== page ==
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Reach higher levels

More from: Need for new blood

With the rise of new technologies such as anaerobic digestion and mechanical biological treatment, and the increased sophistication of the processes involved, there is an expectation that skills levels within the waste management industry will need to increase.

More technically qualified staff will be required to design, operate and maintain these technologies. The industry will also need to supplement traditional skillsets with additional ones. 

As waste increasingly acquires value as a resource, there will be a much broader requirement for strategic and commercial thinking. Along with increased awareness of regulatory and legislative changes, skills in waste brokering will be a key addition to managerial skills.

Sales and marketing will come to the fore as waste and its by-products are sold to a variety of markets. As firms seek new markets overseas for recyclates, an understanding of international contracts will be required and language skills could also be advantageous.

Managers will need to liaise with designers, manufacturers and reprocessors to ensure the waste being processed is of the highest possible quality.

By increasing project and performance management skills, and exploring processes which offer the best value, senior managers can lead transformational change. Supervisors will need to acquire skills in internal auditing and reporting, knowledge of quality management systems, and an understanding of waste law, along with more financial awareness.

All this means that graduates with degrees not traditionally associated with the sector, such as law, could be invaluable to management.

Historically, career progression into supervisory and managerial roles in the industry has been based on time served and experience. There is therefore a need for more management and leadership training at this level, to help those in such roles manage more complex processes and a more diverse workforce.

But all levels of the workforce will need to become more skilled.

New skills may already be in use in other process-driven industries such as fast-moving consumer goods, water and power, and so these can be added into existing waste skillsets. Processors need training in the grading of recyclables and the avoidance of contamination.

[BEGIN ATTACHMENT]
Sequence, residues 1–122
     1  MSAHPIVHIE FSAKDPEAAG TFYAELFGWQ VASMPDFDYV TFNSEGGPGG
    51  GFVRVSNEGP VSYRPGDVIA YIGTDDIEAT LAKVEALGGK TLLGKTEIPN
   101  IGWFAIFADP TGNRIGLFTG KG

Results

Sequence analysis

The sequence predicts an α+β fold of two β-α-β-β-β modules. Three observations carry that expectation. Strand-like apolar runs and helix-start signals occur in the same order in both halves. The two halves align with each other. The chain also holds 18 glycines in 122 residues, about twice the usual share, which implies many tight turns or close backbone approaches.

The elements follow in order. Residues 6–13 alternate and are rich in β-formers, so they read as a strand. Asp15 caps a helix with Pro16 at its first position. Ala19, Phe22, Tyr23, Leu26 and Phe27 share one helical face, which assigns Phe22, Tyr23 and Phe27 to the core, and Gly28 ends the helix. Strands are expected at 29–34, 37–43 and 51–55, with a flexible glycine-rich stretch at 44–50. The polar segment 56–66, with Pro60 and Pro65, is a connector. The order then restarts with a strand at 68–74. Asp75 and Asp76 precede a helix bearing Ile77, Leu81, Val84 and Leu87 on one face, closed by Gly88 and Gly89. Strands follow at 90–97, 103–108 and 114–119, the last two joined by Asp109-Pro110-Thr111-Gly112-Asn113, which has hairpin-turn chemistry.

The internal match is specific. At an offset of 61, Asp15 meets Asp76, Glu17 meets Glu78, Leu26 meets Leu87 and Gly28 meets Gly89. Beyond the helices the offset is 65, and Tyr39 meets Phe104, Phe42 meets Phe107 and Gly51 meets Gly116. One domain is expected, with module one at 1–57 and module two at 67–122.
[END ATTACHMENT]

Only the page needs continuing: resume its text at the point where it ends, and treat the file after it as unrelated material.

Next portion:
Across the industry, knowledge must constantly be updated as technologies, processes and their requirements change. Facing long-term goals and a new policy landscape, as well as materials security issues, the sector can only continue to evolve.

The waste workforce is not just expected to become more highly skilled, but 15 times as many people are required to recycle a tonne of waste than are needed to landfill it.

So how can these new skills be brought in? They can be recruited and combined in multi-disciplinary project teams, driving change in the short-term. But over time this may prove unsustainable, given the potential size of the future waste workforce.

The industry might also choose to use consultants to set up systems operable by non-specialists. A more sustainable long-term solution might be to offer accelerated training in new specialities to individuals within the existing workforce.

The industry is collaborating to develop solutions to this challenge.

EU Skills is working with the Waste Management, Recycling and Resource Recovery Industry Skills Initiative to address issues through the development of tools such as the EU Skills Workforce Planning model.

The sector skills body, in collaboration with employers, has also developed an apprenticeship in sustainable resource management to upskill existing employees as well as new recruits. A Higher Skills Strategy is also being developed to ensure better outputs from higher education.

Neil Robertson, chief executive, Energy and Utility Skills

This piece is taken from the Associate Parliamentary Sustainable Resource Group’s collection of essays ‘Sustainable skills: The future of the waste management industry’. Please click here to read the report in fullor contact the Group on

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